• Connectivity and Endangered Species: After passage of 1988's AA Measure, the District transitioned to addressing ecological connectivity and responding to endangered species protection. They have created a model Habitat Conservation Plan for 14,000 acres in Contra Costa County.
  • Public Support: The District enjoys more than 80 percent approval by constituents, with 77 percent indicating the District’s contribution to quality of life as a major reason for that level of approval.
  • Land Use: The District monitors development in all 33 cities and both counties to analyze development proposals, so that it can partner when issues affect their holdings.
  • Political Relationships: Perhaps the singular lesson we have to learn is the District’s aggressive, strategic and long-term relationship-building with elected officials at every level of government. District staff, board members and advocates have been assigned to virtually every elected official, including the Congressional delegation, within the District’s boundary.

Field Tour: As in 1989, we toured several EBRPD facilities to discuss on-the-ground management issues. At 3,000-acre Mission Peak Regional Preserve, we hiked a pretty stiff uphill to the popular elevation marker and had lunch at Point Isabel Regional Shoreline on San Francisco Bay (the only park in the system where dogs are allowed off-leash and under voice command). After lunch, we visited sites where the District has been engaged in vegetation management to establish fuel breaks for wildfire management in the hills above Berkeley. We finished off the day at the Tilden Regional Park nature center for an end-of-tour meeting between District staff and board members and our now-tired but super-inspired contingent.

Bottom line: The District’s efforts to provide us with information, social time with staff and board members, and field tours was over the top. We finished off the evening with a pledge to bring EBRPD staff and board to visit The Intertwine region -- with their only caveat being we have to plan the visit to coincide with one of our microbrew festivals.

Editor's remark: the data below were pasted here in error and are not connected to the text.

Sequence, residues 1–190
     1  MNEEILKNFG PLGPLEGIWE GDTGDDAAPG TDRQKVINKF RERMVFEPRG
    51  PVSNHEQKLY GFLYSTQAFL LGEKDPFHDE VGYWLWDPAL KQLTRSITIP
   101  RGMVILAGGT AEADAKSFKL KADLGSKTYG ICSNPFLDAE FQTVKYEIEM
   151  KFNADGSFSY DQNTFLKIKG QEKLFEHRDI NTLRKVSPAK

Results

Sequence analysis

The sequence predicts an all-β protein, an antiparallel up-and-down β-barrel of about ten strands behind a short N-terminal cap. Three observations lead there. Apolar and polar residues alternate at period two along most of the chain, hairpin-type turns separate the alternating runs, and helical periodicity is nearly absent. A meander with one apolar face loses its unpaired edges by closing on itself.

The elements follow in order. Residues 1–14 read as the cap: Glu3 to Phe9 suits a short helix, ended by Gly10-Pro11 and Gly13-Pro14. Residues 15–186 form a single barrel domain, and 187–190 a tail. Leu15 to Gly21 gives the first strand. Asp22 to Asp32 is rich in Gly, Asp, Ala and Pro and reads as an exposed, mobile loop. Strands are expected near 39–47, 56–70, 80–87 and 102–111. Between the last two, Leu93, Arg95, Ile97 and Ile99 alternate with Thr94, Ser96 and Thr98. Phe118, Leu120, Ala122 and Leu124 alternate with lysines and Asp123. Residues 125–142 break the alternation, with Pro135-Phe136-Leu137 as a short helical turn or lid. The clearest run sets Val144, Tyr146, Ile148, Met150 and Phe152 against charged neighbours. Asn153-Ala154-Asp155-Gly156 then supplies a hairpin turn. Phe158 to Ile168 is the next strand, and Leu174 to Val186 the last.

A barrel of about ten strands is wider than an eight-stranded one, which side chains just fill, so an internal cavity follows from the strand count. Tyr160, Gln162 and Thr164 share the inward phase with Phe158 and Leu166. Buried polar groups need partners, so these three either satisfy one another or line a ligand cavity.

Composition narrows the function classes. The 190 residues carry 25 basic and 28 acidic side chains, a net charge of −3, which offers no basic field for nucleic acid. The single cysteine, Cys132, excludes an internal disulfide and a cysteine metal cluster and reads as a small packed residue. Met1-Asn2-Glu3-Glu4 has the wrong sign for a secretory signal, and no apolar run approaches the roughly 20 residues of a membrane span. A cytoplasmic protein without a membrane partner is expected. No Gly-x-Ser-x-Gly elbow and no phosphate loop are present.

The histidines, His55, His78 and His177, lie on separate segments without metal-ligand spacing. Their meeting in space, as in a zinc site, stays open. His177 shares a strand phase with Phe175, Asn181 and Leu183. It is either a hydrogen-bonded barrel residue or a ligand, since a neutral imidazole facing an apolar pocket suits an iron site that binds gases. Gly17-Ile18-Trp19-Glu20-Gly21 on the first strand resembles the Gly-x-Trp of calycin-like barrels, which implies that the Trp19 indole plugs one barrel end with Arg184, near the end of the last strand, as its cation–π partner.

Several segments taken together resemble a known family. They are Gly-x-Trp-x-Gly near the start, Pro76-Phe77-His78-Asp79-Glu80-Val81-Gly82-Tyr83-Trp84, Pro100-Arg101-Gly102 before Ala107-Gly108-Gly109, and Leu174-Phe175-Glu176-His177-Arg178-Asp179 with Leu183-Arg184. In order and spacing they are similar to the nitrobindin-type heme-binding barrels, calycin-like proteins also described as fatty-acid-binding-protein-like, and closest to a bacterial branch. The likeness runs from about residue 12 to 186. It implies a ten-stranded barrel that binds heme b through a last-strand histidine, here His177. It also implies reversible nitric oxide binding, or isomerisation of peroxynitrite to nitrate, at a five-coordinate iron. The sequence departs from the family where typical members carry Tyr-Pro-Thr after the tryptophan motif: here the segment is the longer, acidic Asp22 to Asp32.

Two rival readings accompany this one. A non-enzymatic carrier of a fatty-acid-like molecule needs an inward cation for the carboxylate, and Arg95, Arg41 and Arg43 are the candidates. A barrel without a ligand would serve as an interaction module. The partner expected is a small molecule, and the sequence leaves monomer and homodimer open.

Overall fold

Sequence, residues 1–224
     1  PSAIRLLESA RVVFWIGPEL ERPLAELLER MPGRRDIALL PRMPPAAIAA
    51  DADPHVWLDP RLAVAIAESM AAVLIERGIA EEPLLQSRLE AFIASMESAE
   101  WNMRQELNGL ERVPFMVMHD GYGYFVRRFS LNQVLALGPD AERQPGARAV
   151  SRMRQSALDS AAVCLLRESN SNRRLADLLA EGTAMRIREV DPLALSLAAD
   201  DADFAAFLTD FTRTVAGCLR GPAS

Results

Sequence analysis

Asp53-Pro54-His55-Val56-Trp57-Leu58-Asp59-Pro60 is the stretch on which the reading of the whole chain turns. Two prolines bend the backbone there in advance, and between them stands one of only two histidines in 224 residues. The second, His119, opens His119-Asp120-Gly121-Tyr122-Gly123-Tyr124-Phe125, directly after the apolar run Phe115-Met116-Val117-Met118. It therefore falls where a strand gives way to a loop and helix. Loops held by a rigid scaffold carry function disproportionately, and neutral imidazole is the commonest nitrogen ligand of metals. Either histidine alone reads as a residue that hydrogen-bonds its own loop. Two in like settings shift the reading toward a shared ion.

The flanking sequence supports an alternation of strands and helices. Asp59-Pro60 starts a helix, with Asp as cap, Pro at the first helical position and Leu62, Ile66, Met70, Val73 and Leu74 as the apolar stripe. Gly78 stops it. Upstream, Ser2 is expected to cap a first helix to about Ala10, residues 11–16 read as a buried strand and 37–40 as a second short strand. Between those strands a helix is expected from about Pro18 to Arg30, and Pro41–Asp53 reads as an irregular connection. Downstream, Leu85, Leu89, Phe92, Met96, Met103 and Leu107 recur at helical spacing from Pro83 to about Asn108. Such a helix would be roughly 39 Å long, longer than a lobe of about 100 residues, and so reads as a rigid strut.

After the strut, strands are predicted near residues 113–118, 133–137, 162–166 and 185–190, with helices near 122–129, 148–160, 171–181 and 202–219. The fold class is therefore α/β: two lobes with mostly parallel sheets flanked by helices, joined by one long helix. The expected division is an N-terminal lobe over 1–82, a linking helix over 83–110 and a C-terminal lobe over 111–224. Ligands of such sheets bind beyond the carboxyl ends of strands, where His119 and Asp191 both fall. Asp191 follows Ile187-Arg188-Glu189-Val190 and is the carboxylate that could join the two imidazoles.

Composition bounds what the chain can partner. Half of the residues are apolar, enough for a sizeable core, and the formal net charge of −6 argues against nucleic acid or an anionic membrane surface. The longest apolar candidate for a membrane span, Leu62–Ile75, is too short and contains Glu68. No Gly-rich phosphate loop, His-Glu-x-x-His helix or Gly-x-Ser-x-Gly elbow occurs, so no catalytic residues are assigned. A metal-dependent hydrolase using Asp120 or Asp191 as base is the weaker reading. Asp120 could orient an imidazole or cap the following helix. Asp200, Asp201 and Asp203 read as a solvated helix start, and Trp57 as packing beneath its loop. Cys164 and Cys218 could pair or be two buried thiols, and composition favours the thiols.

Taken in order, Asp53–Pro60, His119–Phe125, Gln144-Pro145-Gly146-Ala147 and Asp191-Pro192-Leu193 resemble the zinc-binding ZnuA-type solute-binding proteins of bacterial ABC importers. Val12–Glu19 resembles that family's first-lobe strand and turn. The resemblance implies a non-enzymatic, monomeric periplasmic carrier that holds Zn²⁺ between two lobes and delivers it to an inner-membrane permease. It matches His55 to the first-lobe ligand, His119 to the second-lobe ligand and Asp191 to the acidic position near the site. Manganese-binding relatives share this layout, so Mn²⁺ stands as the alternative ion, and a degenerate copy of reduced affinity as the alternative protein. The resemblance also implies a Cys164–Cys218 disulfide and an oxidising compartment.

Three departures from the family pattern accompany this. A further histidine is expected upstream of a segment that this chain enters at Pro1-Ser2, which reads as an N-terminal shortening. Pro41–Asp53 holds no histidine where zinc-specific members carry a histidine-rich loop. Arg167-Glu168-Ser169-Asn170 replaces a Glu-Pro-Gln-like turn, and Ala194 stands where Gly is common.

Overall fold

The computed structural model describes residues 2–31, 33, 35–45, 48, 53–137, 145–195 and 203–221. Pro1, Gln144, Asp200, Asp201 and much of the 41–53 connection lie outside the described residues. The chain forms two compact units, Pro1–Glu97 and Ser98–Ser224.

Institute at the Golden Gate/Fort Mason

Metro’s Brennan-Hunter set up a separate trip to visit the Golden Gate National Parks Conservancy at Fort Mason to meet with staff at the Institute at the Golden Gate to discuss their partnership with the Healthy Parks/Healthy People program and their work to address climate change.

The Institute, which started as a think tank, is now looking at new demographics of the Bay region and the role parks might play with regard to social change through three programs: sustainable foods, climate change, and working with the National Park Service to increase relevancy of parks to a broader audience. 

Most relevant to The Intertwine Alliance is their collaborative work with EBRPD’s Healthy Parks/Healthy People Bay Area, a Collective Impact model which mirrors The Intertwine Alliance’s work with the same model. 

* GreenWorks, PC: Mike Faha and Robin Craig
Metro: Kathleen Brennan-Hunter, Mel Huie, Dan Moeller, Justin Paterson, Laura Odom, Ina Zucker and Hillary Wilton
Tualatin Hills Park and Recreation District: John Griffiths and Doug Menke
The Intertwine Alliance: Mike Wetter
Urban Greenspaces Institute: Mike Houck
Vive Northwest: Jorge Guzman

** The full range of programs are described on EBRPD’s website.

History of EBRPD

Healthy Parks/Healthy People Bay Area 

Stay Healthy In Nature Every day (SHINE)

Mike Houck directs the Urban Greenspaces Institute and is a founding partner and current board member of The Intertwine Alliance.  He’s worked on parks, trails, and natural area issues for 45 years. Mike co-edited Wild in the City: Exploring The Intertwine.